Nottingham has currently gained quite an artistic coup: the opening exhibition of the new British Art Show 2010 BEFORE it comes to London (or anywhere else in the UK).
Spread across three venues - New Art Exchange, Nottingham Contemporary and Nottingham Castle Gallery and Museum - the show provides a snapshot of contemporary art practices (last time we ended up not wearing our own shoes).
So far, we've made it around two of the three venues (you get into the Castle for free if you visit the other two venues first: usually the Castle is a paying venue for non-Nottingham residents, and we live just outside the city limits).
Still, my highlight by a country mile is sadly a work not being exclusively shown in Nottingham (though I really hope that Nottingham residents and visitors take full advantage of it):
Christian Marclay: The Clock
Also available as a WHOPPING 720 page book, The Clock is a magnificent video installation showing... well, clocks. And watches. And time passing. All constructed from thousands of film clips --- in 'real time'. It is an utterly addictive experience -- we did approx. 11.25am to 12.15pm, and then approx 12.30-1pm. And then headed back for 4.10-4.45pm. You sit and find yourself physically Lost in Time (scroll for picture). I could have easily stayed for the day. If only the day long screening wasn't a work day...
What's annoying is that most of the reviews around focus on its current screening in London rather than the Nottingham installation. Even the Huffington Post reviews it -- but AGAIN, no mention that Nottingham is getting its fair share of the fun.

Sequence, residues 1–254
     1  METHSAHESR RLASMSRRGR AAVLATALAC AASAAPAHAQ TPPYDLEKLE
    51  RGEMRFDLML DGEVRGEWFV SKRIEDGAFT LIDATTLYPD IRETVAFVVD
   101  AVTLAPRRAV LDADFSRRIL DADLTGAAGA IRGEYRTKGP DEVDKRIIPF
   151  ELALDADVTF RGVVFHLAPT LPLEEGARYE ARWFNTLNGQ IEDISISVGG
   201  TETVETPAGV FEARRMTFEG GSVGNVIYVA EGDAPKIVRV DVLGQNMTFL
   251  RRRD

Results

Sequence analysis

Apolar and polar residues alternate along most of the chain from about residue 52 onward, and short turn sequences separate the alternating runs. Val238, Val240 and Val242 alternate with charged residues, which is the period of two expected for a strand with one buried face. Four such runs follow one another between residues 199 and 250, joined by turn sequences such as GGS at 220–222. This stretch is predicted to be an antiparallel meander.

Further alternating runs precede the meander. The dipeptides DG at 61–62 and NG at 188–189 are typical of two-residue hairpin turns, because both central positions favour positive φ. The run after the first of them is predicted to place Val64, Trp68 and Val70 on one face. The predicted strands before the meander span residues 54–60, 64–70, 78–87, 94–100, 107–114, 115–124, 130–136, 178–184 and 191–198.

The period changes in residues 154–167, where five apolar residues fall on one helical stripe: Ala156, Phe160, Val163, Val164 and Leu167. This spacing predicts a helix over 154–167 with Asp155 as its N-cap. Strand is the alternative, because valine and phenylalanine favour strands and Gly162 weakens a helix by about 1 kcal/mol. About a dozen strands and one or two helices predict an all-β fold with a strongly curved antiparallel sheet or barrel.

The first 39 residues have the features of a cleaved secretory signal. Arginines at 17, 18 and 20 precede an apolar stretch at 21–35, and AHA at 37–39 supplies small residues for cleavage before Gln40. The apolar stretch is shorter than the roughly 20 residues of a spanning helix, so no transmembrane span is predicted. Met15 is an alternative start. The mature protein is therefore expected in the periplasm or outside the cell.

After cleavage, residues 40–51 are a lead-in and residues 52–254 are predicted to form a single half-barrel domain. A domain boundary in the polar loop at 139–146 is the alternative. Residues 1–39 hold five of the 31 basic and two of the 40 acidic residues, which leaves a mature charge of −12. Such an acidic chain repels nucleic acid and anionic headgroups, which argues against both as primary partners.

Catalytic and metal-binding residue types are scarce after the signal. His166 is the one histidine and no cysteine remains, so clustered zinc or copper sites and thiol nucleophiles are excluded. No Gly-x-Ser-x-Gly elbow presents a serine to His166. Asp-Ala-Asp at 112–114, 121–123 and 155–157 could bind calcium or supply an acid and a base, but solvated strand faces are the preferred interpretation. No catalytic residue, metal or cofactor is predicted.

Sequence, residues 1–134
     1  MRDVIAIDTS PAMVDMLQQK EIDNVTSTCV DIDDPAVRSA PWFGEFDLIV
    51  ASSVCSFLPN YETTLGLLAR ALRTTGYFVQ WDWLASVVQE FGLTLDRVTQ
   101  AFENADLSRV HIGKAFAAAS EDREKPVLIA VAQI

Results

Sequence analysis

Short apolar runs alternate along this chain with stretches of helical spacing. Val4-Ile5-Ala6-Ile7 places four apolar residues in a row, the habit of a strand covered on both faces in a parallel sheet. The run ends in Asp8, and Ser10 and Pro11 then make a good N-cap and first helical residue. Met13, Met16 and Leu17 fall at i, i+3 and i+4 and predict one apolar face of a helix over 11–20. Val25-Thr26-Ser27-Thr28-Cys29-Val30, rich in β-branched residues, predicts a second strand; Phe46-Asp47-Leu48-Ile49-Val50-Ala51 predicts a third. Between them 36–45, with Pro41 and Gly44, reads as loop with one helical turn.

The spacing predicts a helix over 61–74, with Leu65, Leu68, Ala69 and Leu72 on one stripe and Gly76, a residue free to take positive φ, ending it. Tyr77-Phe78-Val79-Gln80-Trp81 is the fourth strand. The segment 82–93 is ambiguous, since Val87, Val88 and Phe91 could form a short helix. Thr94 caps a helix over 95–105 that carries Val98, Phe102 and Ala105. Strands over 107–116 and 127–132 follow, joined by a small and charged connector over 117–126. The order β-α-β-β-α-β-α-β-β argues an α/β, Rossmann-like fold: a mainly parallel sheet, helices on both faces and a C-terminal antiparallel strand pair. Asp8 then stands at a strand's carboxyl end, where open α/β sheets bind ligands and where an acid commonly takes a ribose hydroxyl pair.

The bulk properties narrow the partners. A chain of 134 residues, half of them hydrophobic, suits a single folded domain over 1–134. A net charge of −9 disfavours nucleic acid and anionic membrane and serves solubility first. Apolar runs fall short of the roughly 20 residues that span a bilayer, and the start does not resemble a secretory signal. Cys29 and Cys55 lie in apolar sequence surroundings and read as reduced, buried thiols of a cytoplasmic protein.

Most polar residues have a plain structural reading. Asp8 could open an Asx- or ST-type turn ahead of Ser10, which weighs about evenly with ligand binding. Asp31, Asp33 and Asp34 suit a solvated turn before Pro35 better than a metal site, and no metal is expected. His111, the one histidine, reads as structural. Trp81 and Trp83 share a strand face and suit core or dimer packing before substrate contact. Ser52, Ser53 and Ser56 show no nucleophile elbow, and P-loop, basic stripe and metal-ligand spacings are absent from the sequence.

Which is a real shame because I would really like more people to take advantage of seeing this magnificent work in Nottingham while they can. Nottingham's New Art Exchange describe The Clock thus:
[Marclay's] new work, The Clock, features thousands of found film fragments of clocks, watches, and characters reacting to a particular time of day. These are edited together to create a 24 hour-long, single-channel video that is synchronised with local time. As each new clip appears a new narrative is suggested, only to be swiftly overtaken by another. Watching, we inhabit two worlds; that of fiction and that of fact, as real-time seconds fly inexorably by.But to my mind, this is all just a fancy way of saying 'spot the clip!' because frankly this was the most fun I've had in ages in an art gallery.
These clips from several thousand films, are structured so that the resulting artwork always conveys the correct time, minute by minute, in the time zone in which is it being exhibited. The scenes in which we see clocks or hear chimes tend to be either transitional ones suggesting the passage of time or suspenseful ones building up to dramatic action.
There is a charming interview with Christian Marclay from the Economist - acknowledging both the team of assistants in his film watching, and his editing technology - but mostly I urge you to see the installation.
What I found so enchanting is that alongside the expected - indeed, essential clips - such as 'High Noon' at noon and the Robert Powell version of 'The 39 Steps' with THAT scene hanging off Big Ben...
... you also get less expected snippets such as quick glimpses of 'The Quick and the Dead' (which also has noon as a key timing point).
But there are also some nice clips from non-film sources such as John Simm as Raskolnikov pawning his watch in the TV adaptation of Crime and Punishment. Some scenes pass in a second, others are languidly included but the main feature is that time keeps passing. I would happily spend my days dipping into this fascinating work and if you see nothing else from the diverse range of artworks included in the British Art Show, make sure you see this.